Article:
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What’s Next For the Cincinnati Bengals?

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My guess? A lot of losses.

A little over a year ago the Cincinnati Bengals were flying high as the AFC North Champions. They finished the season 10-6, sweeping the division and hosting a first round playoff game against the Jets. Granted the 10-6 was about as real as Heidi Montag considering they were 4-6 outside the division and only had a point differential of +14.  Still, no one could’ve seen the Enron-like collapse that has taken place over the course of the last 6 months.

Entering their playoff game with the Jets last January, the Bengals had dreams of hoisting the Lombardi trophy.  Those dreams came crashing down faster than Joaquin Phoenix’s career. The Bengals were badly outplayed for much of the game, and although they hung in on the scoreboard, were unceremoniously bounced from the playoffs much earlier than they expected. Even still, fans were excited about Bengal football for one of the few times in a generation.

The Bengals high hopes were further strengthened by their draft. They picked up three solid contributors with their first three selections. Jermaine Gresham gave them the tight end presence they so desperately needed. Carlos Dunlap provided 9.5 sacks as a rookie, and receiver Jordan Shipley was a great pickup in round three. From that point on it was all downhill in the Queen City.

Cincinnati didn’t make too many exciting moves in the free agent market with two obvious exceptions. Head Coach Marvin Lewis has a battered woman’s complex. He thinks that he can fix anybody despite obvious character issues. True to form, Lewis and the Bengals went out and signed the talented, but much maligned Terrell Owens to a one-year deal, and career criminal PacMan Jones to a two-year deal. In uniting Owens with his best friend Chad OchoCinco, the Bengals thought they were going to have a dynamic receiving duo. They forgot one key component to having good receivers is having a good quarterback.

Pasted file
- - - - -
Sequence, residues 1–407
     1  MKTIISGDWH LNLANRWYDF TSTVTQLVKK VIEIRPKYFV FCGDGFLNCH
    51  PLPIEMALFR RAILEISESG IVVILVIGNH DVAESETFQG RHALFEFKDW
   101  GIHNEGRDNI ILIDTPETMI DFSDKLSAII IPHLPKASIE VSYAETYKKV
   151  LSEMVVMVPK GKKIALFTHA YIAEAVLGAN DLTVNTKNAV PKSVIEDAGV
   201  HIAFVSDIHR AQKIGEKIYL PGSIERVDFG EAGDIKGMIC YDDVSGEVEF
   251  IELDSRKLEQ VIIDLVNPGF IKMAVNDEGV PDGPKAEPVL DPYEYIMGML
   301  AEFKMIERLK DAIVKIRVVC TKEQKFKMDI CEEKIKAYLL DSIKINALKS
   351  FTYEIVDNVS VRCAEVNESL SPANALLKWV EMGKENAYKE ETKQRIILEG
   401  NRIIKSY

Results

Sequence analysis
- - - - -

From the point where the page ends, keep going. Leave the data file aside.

Carson Palmer is in the same realm as Mark Sanchez when it comes to overrated QBs. Not surprising both are products of the hype-machine that is USC, but at least Sanchez’s teams have won playoff games. Carson Palmer’s has yet to win one, and given his current skill-set, I don’t see that changing anytime soon. To his credit, he did have two very good years in the league, but since then he has been a garbage time hero. Looking at his numbers you wouldn’t say that he’s awful, until you dig a little deeper. Palmer’s completion percentage is under 50% on 3rd down. When games are close? You might as well forget about it, here are Palmer’s career splits by game situation.

Winning by 15+: QB Rating: 98.3

Winning by 1-7: QB Rating: 50.6

Losing by 1-7:  QB Rating 59.2

Losing by 15+: QB Rating 127.5